‘Creating a liveable city needs support of its residents’
In the EIU survey rankings, all Indian cities have low scores on the parameter of global appeal. Khoo Teng Chye, executive director of Singapore’s Centre for Liveable Studies, talks about what makes Singapore work as a globally attractive city:Updated: Jul 07, 2012 23:01 IST
In the EIU survey rankings, all Indian cities have low scores on the parameter of global appeal. Khoo Teng Chye, executive director of Singapore’s Centre for Liveable Studies, talks about what makes Singapore work as a globally attractive city:
What, according to you, defines the global appeal of a city?
We can see global appeal as the ability of a city to attract talent, investment, tourists, trade, enterprise and ideas from around the world. This depends on a city’s liveability and sustainability.
Ensuring that children are well educated, water is clean and streets are safe — these produce a high quality of life, environment and workforce. In turn, these things attract others to invest, work, live, study, visit and heal in the city.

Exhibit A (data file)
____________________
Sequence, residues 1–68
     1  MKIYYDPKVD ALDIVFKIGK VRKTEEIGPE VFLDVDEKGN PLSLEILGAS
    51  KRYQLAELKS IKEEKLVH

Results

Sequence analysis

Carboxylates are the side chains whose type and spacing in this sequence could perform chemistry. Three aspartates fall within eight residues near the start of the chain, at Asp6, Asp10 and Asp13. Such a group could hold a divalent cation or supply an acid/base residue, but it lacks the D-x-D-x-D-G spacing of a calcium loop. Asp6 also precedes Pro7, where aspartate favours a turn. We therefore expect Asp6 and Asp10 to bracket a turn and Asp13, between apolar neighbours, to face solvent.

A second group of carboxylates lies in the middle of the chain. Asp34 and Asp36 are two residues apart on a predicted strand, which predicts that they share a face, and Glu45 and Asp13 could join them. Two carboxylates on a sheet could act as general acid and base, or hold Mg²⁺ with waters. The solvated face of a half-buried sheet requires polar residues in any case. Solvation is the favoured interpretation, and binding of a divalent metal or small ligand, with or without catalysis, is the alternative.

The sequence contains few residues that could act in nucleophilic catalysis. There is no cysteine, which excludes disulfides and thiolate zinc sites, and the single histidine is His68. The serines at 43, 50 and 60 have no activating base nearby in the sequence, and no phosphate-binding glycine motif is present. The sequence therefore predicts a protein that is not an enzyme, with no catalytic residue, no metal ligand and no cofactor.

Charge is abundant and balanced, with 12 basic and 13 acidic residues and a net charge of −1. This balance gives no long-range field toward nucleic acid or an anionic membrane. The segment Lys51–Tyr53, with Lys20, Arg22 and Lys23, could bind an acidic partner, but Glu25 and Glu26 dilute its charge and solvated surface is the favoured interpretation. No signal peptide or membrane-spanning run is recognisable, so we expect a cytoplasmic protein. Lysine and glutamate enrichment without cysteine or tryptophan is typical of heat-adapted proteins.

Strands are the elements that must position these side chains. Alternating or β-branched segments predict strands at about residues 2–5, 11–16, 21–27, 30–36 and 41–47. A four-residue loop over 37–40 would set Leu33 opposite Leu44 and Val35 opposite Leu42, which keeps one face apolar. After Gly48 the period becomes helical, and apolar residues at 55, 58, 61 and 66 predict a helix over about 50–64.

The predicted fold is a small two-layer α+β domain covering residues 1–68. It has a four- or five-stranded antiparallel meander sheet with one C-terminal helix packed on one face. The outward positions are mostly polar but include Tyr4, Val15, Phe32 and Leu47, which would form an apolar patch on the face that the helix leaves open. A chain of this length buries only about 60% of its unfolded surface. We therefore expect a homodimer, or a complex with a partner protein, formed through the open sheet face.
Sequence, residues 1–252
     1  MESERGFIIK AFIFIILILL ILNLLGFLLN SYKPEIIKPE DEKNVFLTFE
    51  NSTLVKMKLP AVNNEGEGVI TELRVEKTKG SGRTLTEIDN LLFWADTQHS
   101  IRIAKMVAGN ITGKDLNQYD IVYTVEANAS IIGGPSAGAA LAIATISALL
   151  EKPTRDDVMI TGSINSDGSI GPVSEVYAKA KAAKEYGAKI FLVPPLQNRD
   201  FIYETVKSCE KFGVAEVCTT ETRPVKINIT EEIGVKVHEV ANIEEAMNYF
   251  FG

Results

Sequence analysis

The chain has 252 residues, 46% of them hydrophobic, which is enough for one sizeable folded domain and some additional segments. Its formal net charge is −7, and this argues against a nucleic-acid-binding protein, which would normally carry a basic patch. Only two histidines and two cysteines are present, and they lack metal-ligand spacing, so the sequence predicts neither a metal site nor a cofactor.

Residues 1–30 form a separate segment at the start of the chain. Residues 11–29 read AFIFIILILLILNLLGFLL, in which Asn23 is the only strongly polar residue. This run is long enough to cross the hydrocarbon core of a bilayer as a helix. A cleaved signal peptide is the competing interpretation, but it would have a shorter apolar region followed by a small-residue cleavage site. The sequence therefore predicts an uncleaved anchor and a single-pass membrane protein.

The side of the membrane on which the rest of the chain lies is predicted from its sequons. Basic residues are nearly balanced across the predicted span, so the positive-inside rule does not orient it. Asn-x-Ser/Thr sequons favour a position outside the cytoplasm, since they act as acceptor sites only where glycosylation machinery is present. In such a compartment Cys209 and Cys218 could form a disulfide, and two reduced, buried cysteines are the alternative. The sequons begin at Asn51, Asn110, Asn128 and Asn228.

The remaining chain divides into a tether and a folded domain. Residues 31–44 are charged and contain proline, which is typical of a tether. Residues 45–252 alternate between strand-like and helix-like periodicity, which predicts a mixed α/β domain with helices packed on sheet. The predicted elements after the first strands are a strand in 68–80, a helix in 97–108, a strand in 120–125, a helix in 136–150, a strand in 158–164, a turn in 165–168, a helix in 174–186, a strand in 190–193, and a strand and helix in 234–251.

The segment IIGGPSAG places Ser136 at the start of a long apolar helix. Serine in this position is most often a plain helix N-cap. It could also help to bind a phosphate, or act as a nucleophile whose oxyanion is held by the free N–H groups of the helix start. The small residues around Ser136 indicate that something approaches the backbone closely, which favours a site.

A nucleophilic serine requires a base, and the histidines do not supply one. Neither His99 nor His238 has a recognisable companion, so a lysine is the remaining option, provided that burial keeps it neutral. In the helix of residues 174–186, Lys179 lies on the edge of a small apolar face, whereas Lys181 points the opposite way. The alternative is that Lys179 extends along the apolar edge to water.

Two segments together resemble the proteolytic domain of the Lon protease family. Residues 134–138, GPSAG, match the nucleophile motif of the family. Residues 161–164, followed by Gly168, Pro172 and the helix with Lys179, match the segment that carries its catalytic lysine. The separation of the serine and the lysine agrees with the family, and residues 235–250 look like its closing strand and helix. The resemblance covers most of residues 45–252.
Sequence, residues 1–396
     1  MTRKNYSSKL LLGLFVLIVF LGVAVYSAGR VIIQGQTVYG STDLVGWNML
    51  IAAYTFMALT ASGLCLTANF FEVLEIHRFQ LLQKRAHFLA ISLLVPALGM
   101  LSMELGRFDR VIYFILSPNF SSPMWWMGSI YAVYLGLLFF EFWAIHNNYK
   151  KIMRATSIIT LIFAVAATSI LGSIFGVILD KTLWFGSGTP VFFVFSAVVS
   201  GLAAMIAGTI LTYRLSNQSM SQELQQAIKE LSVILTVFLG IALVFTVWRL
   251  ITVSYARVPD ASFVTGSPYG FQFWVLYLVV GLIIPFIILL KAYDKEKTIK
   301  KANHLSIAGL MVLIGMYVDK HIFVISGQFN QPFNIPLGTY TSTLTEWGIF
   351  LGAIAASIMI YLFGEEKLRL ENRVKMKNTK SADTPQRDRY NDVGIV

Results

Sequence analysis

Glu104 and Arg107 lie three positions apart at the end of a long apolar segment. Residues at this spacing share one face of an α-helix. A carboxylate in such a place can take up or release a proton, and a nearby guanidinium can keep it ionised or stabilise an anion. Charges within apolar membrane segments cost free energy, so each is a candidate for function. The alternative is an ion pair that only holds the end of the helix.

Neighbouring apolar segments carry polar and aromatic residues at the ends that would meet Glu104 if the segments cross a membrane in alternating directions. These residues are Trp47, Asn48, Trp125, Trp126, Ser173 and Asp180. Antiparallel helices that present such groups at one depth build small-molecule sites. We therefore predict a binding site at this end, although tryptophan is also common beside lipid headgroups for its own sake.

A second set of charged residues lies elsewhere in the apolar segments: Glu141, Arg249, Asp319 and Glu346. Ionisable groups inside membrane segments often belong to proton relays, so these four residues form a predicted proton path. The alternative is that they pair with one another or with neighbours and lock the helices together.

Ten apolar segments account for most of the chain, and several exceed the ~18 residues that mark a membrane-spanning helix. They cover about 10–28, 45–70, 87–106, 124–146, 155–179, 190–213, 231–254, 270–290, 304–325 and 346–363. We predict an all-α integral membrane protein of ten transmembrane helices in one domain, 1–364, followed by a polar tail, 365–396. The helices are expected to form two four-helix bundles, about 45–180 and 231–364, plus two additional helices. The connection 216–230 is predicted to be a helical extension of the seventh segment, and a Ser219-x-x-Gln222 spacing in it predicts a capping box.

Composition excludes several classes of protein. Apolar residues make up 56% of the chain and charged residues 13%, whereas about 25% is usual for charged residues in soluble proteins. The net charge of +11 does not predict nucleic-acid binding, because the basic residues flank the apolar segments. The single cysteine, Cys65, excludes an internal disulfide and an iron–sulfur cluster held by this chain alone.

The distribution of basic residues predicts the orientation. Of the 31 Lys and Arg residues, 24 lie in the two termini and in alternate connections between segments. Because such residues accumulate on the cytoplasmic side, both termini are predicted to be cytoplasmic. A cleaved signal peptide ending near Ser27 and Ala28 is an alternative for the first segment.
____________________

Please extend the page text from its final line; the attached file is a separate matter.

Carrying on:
In today's world, is it valid for a policy planner to want a less competitive city?
When we make our cities clean or safe, it should not be only to attract outsiders, but also and importantly for the benefit of our own people. While some cities may decide they do not need many tourists, investors or talented migrants from elsewhere, they should still strive to become more liveable and sustainable for the well-being of local people. Otherwise, the city will fail to appeal to others, and also lose its best people and businesses. Over the long term, the fiscal or even demographic survival of such a city could even be threatened.
What can cities do to improve their global appeal?
Our research indicates two elements were critical to making Singapore more liveable and sustainable over the past half-century, contributing to our global appeal: Integrated Master Planning and Development, and Dynamic Urban Governance.
One ‘rule’ for Dynamic Urban Governance is ‘Involve the Community as Stakeholders’. Creating a liveable city needs the support of residents. Singapore’s National Parks Board, for instance, worked with partners in the public, private and people sectors to set up and sustain community gardens. This is now a thriving movement that contributes to promoting healthy lifestyles, increasing a sense of community ownership and developing community